The New Zealand Transport Agency has motored along in resealing State Highway 43 – The Forgotten World Highway – pencilling in late March for when sealing will commence.
The Forgotten World Highway is a 148km stretch of road between Stratford and Taumarunui. It is famous for its 12kms of unsealed road.
It’s the only State Highway in the country with an unsealed section.
The 72km of gravel road in the middle of State Highway 38 between Waiotapu and Wairoa is not a designated section of highway, essentially splitting that road in two.
NZ Autocar first reported on the resealing of The Forgotten World Highway when works began last November.
NZTA says resealing and repairing the road will have economic and social benefits for the neighbouring communities.
“Sealing the road through the gorge will make journeys much safer and easier for locals and visitors,” Director of Regional Relationships Linda Stewart said.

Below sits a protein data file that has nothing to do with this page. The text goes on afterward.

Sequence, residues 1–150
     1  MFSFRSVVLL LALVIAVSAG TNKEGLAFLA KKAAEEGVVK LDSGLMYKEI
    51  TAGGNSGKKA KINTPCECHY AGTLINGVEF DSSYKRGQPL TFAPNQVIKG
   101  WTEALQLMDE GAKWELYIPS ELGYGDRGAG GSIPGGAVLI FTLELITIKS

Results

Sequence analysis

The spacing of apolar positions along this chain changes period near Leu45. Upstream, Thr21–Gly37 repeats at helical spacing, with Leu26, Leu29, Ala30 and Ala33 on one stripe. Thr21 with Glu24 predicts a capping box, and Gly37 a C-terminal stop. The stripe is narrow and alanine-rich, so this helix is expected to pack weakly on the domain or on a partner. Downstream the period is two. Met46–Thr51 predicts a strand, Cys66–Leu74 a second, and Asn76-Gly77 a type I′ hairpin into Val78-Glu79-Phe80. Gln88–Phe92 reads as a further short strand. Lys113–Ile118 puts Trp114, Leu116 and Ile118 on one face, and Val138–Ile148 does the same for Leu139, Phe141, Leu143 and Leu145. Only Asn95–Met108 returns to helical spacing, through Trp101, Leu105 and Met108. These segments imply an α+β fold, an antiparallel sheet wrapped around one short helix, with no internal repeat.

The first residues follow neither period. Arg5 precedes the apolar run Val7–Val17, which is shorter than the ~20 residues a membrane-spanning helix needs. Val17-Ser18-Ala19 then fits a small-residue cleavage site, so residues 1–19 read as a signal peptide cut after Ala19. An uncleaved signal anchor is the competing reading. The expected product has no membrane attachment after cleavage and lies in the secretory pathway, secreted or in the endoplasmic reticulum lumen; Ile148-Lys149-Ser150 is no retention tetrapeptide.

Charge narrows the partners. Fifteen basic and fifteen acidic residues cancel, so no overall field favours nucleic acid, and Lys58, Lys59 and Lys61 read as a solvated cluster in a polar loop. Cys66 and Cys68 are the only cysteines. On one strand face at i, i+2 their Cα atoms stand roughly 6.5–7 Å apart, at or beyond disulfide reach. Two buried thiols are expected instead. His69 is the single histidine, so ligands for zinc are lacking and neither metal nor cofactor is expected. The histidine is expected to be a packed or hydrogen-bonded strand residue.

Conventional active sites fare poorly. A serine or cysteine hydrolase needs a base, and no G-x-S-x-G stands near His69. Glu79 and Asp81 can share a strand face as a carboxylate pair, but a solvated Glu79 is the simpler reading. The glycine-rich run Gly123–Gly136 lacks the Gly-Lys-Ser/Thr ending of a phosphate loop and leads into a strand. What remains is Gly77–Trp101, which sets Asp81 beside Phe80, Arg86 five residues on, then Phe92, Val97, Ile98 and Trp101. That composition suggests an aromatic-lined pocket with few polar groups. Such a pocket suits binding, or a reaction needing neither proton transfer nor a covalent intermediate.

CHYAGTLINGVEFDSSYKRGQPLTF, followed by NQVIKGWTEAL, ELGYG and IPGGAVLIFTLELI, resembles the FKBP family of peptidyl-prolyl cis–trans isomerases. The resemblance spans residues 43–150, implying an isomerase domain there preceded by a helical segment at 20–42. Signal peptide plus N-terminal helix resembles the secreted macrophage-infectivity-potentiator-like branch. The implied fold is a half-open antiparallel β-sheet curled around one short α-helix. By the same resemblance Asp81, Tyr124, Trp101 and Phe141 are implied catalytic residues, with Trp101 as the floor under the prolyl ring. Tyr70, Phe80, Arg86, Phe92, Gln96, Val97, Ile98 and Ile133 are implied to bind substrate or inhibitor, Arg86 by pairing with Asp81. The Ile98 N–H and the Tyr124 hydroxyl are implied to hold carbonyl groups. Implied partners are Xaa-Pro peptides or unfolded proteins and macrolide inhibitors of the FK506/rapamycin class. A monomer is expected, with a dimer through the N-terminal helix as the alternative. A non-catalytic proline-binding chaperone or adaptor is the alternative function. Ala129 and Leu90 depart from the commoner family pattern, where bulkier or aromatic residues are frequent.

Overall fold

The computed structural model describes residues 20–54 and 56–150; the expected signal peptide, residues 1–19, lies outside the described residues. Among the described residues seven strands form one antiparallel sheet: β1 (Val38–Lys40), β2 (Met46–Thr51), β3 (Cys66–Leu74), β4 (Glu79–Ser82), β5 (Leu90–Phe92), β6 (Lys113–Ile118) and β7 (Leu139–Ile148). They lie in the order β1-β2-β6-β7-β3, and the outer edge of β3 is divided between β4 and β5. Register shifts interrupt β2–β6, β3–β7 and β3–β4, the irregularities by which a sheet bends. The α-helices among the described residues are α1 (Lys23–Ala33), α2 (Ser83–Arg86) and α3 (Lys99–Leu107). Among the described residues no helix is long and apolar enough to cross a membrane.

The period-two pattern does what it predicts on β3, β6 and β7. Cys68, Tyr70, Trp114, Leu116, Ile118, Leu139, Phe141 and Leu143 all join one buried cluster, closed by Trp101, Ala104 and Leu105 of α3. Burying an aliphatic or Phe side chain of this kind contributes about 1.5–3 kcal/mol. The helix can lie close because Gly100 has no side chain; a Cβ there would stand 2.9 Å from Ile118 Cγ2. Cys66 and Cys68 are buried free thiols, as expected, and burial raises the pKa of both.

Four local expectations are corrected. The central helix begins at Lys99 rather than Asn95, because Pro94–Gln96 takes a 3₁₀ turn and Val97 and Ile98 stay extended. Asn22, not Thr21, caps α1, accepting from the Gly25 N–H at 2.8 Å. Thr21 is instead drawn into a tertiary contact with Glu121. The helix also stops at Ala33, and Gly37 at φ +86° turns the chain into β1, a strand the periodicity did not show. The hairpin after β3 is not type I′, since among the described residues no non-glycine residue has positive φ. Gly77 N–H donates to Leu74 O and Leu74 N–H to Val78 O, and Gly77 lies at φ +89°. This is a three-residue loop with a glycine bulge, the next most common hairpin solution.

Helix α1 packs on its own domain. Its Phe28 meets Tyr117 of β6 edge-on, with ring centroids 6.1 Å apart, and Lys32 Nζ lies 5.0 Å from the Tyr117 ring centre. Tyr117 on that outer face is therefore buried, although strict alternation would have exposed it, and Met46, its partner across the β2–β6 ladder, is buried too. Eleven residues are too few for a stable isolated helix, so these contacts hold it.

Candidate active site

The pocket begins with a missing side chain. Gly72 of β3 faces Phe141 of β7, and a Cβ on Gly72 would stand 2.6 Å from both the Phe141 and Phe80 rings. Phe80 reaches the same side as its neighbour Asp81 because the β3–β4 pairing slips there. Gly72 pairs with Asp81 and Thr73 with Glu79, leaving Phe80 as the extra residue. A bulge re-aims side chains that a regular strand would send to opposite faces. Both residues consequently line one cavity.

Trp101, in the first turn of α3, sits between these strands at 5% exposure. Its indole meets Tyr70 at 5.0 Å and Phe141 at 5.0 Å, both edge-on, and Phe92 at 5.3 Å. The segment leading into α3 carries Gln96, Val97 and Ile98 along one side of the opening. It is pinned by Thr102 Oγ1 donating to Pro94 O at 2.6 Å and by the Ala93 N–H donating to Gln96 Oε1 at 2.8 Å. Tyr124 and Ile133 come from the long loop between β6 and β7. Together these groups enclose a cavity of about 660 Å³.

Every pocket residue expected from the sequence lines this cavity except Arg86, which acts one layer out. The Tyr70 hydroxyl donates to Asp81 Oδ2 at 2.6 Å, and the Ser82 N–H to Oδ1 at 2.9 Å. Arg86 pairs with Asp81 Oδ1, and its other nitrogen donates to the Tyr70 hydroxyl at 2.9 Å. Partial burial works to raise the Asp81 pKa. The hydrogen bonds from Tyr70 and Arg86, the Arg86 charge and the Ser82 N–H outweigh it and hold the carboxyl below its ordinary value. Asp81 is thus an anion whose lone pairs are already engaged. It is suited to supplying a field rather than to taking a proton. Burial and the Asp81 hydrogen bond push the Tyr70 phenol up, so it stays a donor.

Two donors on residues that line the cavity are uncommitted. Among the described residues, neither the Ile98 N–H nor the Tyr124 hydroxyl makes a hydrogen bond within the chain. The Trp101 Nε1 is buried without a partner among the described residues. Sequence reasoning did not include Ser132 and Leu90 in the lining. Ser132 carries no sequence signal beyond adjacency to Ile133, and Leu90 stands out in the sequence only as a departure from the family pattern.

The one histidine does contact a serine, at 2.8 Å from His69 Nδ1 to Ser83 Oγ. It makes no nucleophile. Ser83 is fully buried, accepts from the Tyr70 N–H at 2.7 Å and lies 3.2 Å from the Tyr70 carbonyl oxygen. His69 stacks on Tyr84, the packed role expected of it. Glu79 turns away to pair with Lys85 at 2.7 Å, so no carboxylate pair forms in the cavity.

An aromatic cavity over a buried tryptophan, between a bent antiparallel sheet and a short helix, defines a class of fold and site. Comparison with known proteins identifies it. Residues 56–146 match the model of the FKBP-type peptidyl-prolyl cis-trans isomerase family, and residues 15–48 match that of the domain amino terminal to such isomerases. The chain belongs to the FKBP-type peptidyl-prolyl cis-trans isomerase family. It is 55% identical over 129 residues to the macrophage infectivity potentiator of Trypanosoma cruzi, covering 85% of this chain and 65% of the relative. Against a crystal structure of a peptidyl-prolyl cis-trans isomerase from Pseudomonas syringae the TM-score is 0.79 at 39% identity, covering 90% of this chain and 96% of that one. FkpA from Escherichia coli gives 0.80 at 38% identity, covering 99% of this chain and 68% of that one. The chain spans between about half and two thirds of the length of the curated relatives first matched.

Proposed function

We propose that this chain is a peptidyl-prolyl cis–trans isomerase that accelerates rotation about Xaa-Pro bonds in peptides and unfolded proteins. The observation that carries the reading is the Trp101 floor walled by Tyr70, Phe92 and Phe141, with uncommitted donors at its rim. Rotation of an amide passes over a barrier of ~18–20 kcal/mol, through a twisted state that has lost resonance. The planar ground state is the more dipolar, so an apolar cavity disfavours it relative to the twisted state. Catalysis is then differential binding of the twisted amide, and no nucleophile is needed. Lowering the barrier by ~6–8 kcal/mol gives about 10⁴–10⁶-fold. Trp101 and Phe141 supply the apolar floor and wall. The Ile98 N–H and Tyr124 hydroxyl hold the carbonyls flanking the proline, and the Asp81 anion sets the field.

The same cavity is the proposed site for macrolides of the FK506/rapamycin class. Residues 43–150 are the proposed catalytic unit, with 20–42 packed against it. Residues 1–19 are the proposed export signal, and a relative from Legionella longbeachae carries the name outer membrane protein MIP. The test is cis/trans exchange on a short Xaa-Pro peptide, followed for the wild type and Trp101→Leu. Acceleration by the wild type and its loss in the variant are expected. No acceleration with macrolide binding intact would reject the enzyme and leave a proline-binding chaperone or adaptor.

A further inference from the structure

“This project will result in many economic benefits to the Taranaki region, through tourism and the employment opportunities due to the increased economic activity.”
NZTA anticipates the road works will contribute $35 – $45 million towards the local economy.
Since our first report, a significant amount of work has gone into updating the road.
Of the 12kms of gravel road, the first two kilometres is already undergoing construction.
All necessary ditches and channels to flow water away from the road have been built. Pavement works begin in a few weeks.
Interestingly, NZTA initially said the road’s speed limit would be reviewed.
However, their latest report has no indication of a pending change.
Instead, NZTA mentioned other safety improvements they have implemented on the road.
These include over 220 new signs scattered along the highway. Trees once lining the road and deemed ‘dangerous’ have also been removed.
A replacement Manawawiri Stream bridge was completed last year and is already open for public use.
A $25.7 million budget was allocated for the improvements of The Forgotten Highway.
NZ Autocar has sought comment from NZTA under the Official Information Act about how much of the budget has been spent and whether the project will exceed what was allocated.